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Blanch, Lesley 1904-2007

Blanch, Lesley 1904-2007


See index for CA sketch: Born June 6, 1904, in London, England; died May 7, 2007, in Menton, France. Author. An adventurous traveler and author best known for her 1954 biography, The Wilder Shores of Love, Blanch possessed a love of faroff places that was hard to match. The daughter of an intellectual father who was an art expert, she grew frustrated with his preference for talk over action and desired a more exciting life for herself. Blanch was inspired by a friend of the family who regaled her with his stories of travel; later, when she was a teenager, she had an affair with the older man and was about to marry him when he disappeared forever. Blanch originally studied painting at the Slade School of Fine Art, was married and divorced, and was a features editor for British Vogue during the late 1930s and early 1940s. She married again in 1945, this time to a writer and member of the French diplomatic service named Romain Gary. His job took him all over the world, and Blanch traveled with him, eventually ending up in Hollywood, California. Here she met a number of actors, one of whom, Jean Seberg, gained Gary's eye. Gary divorced Blanch in 1963 to marry Seberg, but the two met an ignominious end, both committing suicide. The personal setback seemed a sidebar adventure in Blanch's fast-paced life. She already won acclaim for The Wilder Shores of Love, as well as the biography The Sabres of Paradise (1960), both books revealing her passion for the exotic Middle East. The author did not limit herself to this region of the world, however, and traveled throughout Asia and Central America. This lifestyle inspired further biographies, such as Pavilions of the Heart: The Four Walls of Love (1974) and Farah, Shabanou of Iran (1978); in addition, she wrote the novel The Nine Tiger Man: A Tale of Low Behavior in High Places (1965) and travel books, such as Under a Lilac-Bleeding Star: Travels and Travellers (1964) and From Wilder Shores: The Tables of My Travels (1989). Blanch once remarked that her urge to wander was spurred on by a desire to see more color and to escape the progress of society, which she did not favor.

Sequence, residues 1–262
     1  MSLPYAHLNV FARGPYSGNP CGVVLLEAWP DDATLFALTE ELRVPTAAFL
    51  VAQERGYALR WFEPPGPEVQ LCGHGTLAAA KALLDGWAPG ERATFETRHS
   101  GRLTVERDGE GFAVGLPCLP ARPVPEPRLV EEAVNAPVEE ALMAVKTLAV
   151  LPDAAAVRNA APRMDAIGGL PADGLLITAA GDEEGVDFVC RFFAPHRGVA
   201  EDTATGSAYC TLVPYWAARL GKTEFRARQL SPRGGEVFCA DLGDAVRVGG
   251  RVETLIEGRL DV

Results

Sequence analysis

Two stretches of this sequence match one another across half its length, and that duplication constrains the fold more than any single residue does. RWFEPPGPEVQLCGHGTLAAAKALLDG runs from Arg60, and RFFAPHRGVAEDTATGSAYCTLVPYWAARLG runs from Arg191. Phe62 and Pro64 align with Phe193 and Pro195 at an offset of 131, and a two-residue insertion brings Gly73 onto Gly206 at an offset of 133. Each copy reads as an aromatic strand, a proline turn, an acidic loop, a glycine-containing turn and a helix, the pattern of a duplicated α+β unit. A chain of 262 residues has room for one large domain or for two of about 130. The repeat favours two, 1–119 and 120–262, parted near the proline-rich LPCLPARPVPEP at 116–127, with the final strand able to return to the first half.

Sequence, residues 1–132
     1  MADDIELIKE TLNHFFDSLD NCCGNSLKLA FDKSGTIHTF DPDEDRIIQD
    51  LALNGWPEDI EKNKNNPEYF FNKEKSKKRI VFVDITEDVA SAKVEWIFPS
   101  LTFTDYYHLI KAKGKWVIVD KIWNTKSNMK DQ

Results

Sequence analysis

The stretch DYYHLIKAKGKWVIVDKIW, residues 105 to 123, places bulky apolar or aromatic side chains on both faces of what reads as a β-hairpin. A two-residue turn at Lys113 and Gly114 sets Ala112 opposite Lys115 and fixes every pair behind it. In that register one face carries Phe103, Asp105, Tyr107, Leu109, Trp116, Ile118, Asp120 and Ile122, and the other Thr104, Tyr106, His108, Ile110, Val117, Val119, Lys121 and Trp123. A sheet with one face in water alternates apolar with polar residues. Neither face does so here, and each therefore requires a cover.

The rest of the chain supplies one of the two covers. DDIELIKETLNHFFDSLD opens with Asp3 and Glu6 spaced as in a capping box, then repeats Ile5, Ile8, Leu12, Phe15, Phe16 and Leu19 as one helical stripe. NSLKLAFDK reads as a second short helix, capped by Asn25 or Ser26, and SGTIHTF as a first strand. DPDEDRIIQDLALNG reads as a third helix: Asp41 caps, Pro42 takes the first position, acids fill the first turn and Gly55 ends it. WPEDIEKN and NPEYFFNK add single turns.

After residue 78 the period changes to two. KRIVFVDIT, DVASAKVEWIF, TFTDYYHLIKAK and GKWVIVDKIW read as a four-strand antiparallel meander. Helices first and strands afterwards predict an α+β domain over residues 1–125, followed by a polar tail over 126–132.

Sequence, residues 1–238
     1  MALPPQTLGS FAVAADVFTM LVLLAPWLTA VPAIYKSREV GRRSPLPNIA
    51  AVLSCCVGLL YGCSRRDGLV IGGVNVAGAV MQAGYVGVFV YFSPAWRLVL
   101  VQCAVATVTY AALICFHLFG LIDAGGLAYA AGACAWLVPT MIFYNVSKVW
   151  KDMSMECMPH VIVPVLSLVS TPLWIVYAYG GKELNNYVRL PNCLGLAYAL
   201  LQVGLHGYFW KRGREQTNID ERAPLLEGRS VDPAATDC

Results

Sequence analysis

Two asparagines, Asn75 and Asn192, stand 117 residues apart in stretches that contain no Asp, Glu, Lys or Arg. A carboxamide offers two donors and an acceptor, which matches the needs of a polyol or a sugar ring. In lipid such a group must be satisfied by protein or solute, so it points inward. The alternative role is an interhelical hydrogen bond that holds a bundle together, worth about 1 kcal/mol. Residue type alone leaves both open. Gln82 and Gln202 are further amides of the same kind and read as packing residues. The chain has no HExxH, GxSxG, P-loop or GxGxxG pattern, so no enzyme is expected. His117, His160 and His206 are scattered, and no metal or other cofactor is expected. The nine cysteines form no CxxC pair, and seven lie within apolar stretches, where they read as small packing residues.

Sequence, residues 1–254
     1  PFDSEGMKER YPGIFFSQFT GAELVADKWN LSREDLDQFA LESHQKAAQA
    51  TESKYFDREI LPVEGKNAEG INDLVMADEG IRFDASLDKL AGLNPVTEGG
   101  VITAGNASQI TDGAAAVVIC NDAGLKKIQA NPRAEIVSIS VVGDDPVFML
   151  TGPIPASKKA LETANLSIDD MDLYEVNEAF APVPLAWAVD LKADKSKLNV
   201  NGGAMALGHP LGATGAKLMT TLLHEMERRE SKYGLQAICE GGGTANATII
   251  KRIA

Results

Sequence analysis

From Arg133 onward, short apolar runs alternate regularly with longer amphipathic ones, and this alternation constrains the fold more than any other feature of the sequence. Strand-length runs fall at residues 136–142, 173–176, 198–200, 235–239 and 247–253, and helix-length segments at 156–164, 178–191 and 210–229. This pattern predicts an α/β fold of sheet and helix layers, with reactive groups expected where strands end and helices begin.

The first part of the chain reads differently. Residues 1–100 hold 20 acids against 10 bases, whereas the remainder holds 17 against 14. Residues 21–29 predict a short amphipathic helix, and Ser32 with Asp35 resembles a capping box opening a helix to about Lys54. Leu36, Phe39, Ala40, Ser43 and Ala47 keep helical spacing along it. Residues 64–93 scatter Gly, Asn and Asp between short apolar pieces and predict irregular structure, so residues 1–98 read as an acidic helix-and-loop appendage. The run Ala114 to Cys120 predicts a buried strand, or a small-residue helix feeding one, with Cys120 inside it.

Chicago Tribune, May 12, 2007, Section 3, p. 11.

Los Angeles Times, May 21, 2007, p. B9.

New York Times, May 11, 2007, p. C10.

Times (London, England), May 10, 2007, p. 67.

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